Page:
Woodlawn Miscellany

The struggle itself towards the heights is enough to fill a man's heart

Posts tagged writing process

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My Arrested Development Essay: Behind the Scenes

This past week, I was pleased to announce that an essay I’d written appeared on one of my favorite sites, The Bygone Bureau. All they do there is publish really smart, enjoyable nonfiction, so the fact that they thought my piece was BB material, had me thrilled. Since you can check the piece out at the site, I just thought I’d take this space to add two quick notes that might help flesh out what you see in the final product.

1. While my essay is about the strange power Arrested Development had in my wife’s and my lives, I think most couples have — or should have — something like that, a talisman that serves as a gentle us-against-the-world reminder. For some, that role is most likely filled by children. For us, at that point in our lives, it was a TV show. 

2. I come to realize one of the reasons why BB publishes such great writing is they’re very good editors. I was working with Kevin Nguyen, who gave my piece a thorough going-over. One of the main points he raised was that the framing device I’d used to start and finish the piece wasn’t working. Fortunately, he was able to see the merits of the piece despite the shaky intro, which is something not a lot of editors would be able to do. So a big thanks to Kevin for helping make the piece a lot better than it was when it started out.

Anyway, if you haven’t yet read it, I hope you’ll check it out. I’m quite proud of it and pleased to see it’s found such a good home at The Bygone Bureau.

Filed under Arrested Development Bygone Bureau Nonfiction How Arrested Development Saved My Relationship Kevin Nguyen Writing Essay Writing writing process

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Worst Rejection Letter Ever

It’s indulgent and unseemly for writers to talk about rejection — perhaps even bad luck in some circles. Listening to someone prattle on about it is like watching someone give a wedding toast where they only talk about themselves. And the fact is, 99.9% of the time, rejection is totally boring.

But every once in a while, a rejection letter comes along that’s noteworthy. Here’s one I got last month (with identifying information redacted):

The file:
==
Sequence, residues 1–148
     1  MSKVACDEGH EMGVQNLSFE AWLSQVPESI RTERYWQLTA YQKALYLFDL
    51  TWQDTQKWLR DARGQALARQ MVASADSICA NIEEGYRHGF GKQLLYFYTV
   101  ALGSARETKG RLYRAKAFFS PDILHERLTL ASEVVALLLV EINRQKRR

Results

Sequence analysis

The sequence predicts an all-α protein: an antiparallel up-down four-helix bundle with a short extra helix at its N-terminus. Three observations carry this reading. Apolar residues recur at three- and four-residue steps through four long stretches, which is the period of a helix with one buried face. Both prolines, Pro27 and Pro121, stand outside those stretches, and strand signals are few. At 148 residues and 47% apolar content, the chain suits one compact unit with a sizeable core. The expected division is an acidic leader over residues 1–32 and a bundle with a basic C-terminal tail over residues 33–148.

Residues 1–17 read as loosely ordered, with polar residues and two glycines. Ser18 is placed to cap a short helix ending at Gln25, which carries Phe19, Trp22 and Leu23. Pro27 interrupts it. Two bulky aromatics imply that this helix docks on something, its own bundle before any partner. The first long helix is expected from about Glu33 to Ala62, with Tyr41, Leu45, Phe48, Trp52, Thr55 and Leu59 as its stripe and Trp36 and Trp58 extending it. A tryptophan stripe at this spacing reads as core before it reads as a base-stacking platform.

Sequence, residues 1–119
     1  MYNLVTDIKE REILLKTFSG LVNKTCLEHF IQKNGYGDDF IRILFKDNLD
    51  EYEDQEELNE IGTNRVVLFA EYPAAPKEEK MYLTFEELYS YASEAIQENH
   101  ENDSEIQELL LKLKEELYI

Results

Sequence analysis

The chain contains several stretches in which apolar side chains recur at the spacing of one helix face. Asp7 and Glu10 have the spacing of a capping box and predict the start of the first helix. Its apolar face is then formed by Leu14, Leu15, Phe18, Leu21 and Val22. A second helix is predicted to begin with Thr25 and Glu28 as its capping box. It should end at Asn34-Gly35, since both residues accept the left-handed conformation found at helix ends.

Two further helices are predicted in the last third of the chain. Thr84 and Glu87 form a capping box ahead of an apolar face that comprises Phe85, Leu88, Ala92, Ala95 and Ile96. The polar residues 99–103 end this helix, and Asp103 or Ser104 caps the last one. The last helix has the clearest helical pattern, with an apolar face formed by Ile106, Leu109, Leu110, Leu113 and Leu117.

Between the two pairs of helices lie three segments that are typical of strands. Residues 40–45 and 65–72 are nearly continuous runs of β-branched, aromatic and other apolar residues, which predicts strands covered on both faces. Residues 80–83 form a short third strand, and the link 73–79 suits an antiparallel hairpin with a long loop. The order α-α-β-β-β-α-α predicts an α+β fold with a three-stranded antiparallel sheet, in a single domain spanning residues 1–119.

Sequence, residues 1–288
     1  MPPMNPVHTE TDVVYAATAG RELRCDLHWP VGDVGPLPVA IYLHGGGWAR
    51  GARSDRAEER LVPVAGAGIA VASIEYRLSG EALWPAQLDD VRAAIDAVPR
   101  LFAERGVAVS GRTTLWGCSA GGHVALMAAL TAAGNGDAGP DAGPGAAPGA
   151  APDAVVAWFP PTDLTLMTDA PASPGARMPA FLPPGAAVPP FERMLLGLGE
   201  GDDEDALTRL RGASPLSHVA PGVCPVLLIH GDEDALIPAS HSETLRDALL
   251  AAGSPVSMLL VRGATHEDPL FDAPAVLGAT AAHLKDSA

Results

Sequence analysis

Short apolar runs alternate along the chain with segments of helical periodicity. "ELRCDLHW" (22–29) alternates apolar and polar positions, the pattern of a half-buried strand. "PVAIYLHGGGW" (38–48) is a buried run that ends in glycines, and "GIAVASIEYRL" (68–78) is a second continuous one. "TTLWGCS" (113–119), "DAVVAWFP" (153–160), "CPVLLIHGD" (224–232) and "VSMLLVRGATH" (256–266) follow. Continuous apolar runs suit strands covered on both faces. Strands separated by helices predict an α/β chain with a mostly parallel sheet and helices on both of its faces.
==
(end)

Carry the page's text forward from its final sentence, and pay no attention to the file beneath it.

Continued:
Dear Giano,
Thanks for letting me read W******. Lately, I’ve been submitting a lot of work myself and have found that personalized and flattering rejection notes tend to be paradoxically more discouraging and invite the sort of neurotic over-analysis that is generally not in any way healthy or productive, and so I hope you’ll accept this 100% neutral and non-encouraging (but also non-discouraging!) note as an indication that we will not be running your submission in B*****, but this choice of mine doesn’t reflect negatively on you as a person or as a writer, and is instead the result of a totally fucked up and subjective system which we all, for some reason, agree to perpetuate. Thanks for thinking of us.
It’s clearly a form letter, as are most rejections. And yet, it’s clear the editor put a lot of thought and effort into crafting it.
Since receiving it, I’ve been trying to decide if this is a genuine effort on the part of the editor to avoid the anodyne one-liner that most lit magazines spit out. If so, it somehow manages to be both annoying in its studied neutrality and oddly condescending. 
The other possibility I’ve begun to kick around is that this is a calculated effort to mess with me. Not me in particular, but any writer who happens to be unlucky enough to submit to this publication. How else to explain the editor’s reminder that this “choice of mine doesn’t reflect negatively on you as a person”? I didn’t think it reflected negatively on me as a person until you said it didn’t. It’s like whenever someone says “No offense but” or “With all due respect,” you can be sure you probably don’t want to hear what follows.